3 Considerations to Maximize Summer Spray Effectiveness

FBN Network

Jul 03, 2024

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Whether you’re feeding foliar nutrition or managing pest pressures, effective spray applications are key to maximizing yields and your operation’s return on investment.

While planning for and executing a spray application requires numerous decisions — application timing, rate calculations, branded chem vs. generic choices, tank mix or premix selection, adjuvant usage, and more — there are really three main considerations to prioritize as you plan. 

1. Weed Presence

The type and size of weed growing in your fields will guide your herbicide and mode of action selections, but it will also determine the type of spray nozzle you’ll want to use. While many broadleaf weeds with larger, more horizontal surfaces are well suited for larger, coarser sprays, grasses and young broadleaf weeds need finer sprays for effective control. 

Staying on top of weed pressure in your fields early can pay dividends later in the season as it’s easier to control smaller weeds than larger ones. 

Remember, the optimum temperature for photosynthesis in waterhemp ranges from 68-104°F, meaning these naturally drought tolerant weeds can emerge, grow, and thrive even in hot temperatures. 

(Always read and follow label directions to ensure you’re making the right decisions for your selected herbicide.)

How to Choose the Right Spray Nozzle

2. Weather Conditions

Temperature also plays a significant role in spray efficacy. Hot, dry weather can cause weeds to close their stomata and slow down their processes, reducing herbicide impact. 

To ensure your chem applications are still effective in the summer heat, keep the following tips in mind: 

  • The best temperature to spray Roundup® is between 45-90°F. Applying translocated herbicides, including Roundup® brand herbicides or comparable generic herbicides like AgSaver™ Glyphosate 53.8% or Willowood Glypho 6, in hot, dry conditions can result in delayed or reduced weed control. Plants conserve water by thickening their leaf cuticles and reducing translocation and metabolism in dry, high temperatures, thus causing problems with herbicide absorption. Consider using higher labeled rates to help offset these thicker cuticles and lower translocation rates.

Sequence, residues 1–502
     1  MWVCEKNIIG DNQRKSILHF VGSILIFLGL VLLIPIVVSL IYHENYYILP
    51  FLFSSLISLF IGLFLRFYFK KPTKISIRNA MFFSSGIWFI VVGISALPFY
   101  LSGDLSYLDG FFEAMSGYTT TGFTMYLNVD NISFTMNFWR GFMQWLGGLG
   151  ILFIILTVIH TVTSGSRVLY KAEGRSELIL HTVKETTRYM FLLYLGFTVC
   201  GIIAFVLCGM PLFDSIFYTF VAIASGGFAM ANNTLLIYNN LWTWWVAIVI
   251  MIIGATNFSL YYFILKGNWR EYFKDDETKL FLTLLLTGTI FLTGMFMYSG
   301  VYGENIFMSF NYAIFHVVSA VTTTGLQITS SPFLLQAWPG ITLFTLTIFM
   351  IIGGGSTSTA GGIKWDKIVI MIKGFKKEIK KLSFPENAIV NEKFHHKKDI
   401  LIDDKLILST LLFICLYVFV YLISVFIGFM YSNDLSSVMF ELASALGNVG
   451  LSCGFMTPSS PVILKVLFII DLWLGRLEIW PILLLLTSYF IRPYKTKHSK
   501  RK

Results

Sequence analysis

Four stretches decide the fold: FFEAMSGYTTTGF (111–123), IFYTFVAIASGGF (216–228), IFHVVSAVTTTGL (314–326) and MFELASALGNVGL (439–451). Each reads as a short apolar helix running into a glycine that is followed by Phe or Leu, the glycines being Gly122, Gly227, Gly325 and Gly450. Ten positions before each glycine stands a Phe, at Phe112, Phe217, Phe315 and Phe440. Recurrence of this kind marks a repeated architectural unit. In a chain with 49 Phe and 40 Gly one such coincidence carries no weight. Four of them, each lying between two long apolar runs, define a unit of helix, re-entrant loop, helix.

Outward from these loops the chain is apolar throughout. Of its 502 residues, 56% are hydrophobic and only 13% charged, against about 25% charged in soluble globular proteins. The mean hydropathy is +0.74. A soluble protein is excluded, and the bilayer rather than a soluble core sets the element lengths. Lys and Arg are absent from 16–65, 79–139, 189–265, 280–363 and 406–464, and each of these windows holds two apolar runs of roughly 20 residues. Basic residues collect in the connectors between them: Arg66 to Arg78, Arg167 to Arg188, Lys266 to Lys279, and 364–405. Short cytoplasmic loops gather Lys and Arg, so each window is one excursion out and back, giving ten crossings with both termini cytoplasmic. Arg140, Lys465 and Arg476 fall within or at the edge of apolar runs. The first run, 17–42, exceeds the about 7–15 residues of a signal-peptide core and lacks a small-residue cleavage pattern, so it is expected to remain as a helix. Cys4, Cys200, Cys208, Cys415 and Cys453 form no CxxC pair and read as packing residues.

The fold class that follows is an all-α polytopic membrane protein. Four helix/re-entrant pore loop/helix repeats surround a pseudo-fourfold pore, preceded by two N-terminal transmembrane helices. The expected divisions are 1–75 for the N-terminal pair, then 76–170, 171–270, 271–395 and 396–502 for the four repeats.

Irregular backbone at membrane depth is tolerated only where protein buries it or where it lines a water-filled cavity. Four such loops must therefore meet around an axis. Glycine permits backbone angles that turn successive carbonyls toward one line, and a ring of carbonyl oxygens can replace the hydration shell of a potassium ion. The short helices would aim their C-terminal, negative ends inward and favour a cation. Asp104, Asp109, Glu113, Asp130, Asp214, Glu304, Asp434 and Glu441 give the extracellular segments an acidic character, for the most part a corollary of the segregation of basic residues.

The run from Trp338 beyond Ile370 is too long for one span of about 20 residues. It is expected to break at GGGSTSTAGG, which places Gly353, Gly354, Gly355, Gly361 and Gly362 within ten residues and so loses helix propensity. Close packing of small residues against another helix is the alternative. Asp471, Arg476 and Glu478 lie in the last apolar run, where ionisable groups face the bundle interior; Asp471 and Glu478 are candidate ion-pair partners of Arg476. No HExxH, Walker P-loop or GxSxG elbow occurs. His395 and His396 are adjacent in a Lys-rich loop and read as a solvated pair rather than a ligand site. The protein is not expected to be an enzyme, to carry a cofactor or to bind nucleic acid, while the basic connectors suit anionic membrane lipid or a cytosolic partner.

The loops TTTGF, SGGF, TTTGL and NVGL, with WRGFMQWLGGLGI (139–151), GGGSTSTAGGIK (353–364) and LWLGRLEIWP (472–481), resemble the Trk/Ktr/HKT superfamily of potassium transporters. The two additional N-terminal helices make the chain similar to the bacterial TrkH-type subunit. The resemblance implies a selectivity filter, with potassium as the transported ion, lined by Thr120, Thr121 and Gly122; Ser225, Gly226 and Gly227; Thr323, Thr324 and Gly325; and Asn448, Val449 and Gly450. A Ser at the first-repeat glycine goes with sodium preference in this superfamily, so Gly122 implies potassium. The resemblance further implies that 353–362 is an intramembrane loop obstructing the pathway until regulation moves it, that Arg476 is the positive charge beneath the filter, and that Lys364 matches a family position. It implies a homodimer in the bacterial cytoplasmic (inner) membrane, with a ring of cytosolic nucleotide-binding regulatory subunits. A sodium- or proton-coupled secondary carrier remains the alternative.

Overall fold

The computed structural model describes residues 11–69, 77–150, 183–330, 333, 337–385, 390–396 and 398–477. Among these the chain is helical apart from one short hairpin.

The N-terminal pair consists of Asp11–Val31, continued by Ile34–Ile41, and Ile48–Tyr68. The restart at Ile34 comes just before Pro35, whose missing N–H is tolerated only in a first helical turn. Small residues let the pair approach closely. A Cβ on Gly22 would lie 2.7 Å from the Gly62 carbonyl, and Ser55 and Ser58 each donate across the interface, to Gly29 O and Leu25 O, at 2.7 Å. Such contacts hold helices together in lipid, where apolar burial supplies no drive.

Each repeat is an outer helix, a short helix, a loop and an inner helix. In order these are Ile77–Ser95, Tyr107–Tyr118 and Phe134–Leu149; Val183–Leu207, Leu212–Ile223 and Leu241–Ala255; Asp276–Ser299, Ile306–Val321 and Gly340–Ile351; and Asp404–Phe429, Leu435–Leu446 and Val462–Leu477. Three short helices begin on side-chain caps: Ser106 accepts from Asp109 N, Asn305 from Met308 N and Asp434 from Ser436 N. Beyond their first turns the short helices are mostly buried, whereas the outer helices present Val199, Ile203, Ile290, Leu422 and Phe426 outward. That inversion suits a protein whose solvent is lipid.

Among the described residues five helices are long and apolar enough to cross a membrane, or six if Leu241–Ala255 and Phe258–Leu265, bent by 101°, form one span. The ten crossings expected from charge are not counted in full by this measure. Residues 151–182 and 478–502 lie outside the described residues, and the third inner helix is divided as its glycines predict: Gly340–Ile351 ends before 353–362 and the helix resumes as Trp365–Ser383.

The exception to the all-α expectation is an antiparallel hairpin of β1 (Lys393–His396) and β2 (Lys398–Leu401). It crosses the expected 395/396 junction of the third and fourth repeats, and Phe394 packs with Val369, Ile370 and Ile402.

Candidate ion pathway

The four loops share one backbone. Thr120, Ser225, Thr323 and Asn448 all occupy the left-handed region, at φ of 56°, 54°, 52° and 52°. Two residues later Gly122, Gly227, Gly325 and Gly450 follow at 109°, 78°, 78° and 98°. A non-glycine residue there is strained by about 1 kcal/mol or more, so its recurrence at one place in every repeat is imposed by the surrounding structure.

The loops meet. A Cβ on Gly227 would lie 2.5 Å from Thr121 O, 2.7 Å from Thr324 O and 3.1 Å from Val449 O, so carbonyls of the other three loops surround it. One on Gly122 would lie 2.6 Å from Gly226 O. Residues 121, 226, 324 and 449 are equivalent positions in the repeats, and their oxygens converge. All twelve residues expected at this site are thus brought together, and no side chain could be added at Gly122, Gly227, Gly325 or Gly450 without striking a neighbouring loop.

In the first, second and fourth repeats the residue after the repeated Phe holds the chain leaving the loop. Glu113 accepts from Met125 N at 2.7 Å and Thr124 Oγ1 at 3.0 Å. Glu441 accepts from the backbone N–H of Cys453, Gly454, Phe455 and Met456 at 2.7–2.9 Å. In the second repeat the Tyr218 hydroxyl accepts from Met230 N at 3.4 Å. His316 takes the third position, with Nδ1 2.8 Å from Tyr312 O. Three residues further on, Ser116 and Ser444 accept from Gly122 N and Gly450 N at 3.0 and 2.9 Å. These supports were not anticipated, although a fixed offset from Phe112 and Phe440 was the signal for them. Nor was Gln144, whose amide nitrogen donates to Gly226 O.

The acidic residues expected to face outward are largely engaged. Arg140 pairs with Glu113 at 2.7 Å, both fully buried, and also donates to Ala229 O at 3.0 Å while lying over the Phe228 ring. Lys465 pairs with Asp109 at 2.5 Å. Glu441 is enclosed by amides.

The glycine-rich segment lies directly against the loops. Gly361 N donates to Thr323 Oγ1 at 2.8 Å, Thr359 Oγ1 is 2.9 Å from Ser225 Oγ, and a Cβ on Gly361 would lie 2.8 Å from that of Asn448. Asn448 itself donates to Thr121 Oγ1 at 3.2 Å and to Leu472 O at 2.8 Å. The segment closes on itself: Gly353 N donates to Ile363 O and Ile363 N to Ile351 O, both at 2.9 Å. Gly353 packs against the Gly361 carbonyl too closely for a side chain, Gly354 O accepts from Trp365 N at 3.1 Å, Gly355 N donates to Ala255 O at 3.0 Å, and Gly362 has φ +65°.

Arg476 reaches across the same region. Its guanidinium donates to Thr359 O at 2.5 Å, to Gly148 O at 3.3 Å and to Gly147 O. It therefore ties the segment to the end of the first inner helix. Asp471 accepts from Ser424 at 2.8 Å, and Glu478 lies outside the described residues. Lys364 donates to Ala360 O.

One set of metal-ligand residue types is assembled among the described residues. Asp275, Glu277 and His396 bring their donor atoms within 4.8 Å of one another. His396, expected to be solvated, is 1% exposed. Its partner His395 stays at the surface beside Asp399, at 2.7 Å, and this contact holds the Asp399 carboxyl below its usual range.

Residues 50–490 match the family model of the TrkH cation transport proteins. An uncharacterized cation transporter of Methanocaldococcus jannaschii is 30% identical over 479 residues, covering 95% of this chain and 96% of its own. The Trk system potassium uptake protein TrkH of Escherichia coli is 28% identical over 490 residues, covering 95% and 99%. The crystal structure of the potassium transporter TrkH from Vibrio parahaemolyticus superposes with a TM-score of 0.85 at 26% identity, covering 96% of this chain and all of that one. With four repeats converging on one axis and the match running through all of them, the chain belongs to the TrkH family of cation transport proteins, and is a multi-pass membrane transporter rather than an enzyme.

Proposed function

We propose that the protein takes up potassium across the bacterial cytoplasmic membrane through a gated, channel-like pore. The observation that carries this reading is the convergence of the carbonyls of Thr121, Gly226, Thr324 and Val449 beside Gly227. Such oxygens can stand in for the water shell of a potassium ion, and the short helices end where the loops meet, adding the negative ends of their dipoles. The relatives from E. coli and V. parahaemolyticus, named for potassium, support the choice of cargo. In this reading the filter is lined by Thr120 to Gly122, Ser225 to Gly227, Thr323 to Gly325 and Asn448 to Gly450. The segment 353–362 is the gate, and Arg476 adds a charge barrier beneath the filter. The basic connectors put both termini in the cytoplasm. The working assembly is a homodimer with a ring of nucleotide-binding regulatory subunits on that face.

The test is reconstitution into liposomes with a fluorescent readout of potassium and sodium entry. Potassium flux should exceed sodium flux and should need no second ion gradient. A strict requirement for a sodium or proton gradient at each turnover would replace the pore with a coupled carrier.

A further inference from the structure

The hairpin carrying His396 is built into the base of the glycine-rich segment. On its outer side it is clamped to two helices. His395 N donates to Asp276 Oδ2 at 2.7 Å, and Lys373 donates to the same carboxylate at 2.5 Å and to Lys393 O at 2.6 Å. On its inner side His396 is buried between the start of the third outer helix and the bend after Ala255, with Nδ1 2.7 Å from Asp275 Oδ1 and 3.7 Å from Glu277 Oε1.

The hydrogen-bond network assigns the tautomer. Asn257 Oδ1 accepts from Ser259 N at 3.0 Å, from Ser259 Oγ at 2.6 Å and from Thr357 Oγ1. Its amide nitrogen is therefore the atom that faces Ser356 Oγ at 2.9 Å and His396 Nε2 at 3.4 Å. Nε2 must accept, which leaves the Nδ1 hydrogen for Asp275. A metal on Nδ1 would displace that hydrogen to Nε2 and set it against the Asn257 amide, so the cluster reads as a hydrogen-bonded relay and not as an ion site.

• Including the full rate of ammonium sulfate (AMS) at 17 lbs per 100 gallons of spray solution can help maximize glyphosate uptake by target weeds, especially if hard water is a concern.

  • Consider using a surfactant, such as methylated seed oil (MSO) and/or crop oil concentrate (COC), to improve the efficacy of herbicides in warm weather, especially in weeds with thick cuticles like lambsquarters

  • Be advised that tank mixes containing COC can lead to enhanced crop injury when applied under hotter conditions; if a non-ionic surfactant (NIS) is an option, consider using that instead.

What’s the Difference Between Crop Oil Concentrate and Methylated Seed Oil? 

3. Crop Stage

Finally, crop development stage also impacts herbicide, insecticide, and fungicide application timing. In corn and soybeans, this timing can be based on: 

  • Growth stage

  • Crop height 

  • Harvest interval required 

Be sure you know these specifications for any and all chemicals you’re planning to use on your crops and conduct field scouting to determine the optimal spray timing. 

FBN Network

Jul 03, 2024

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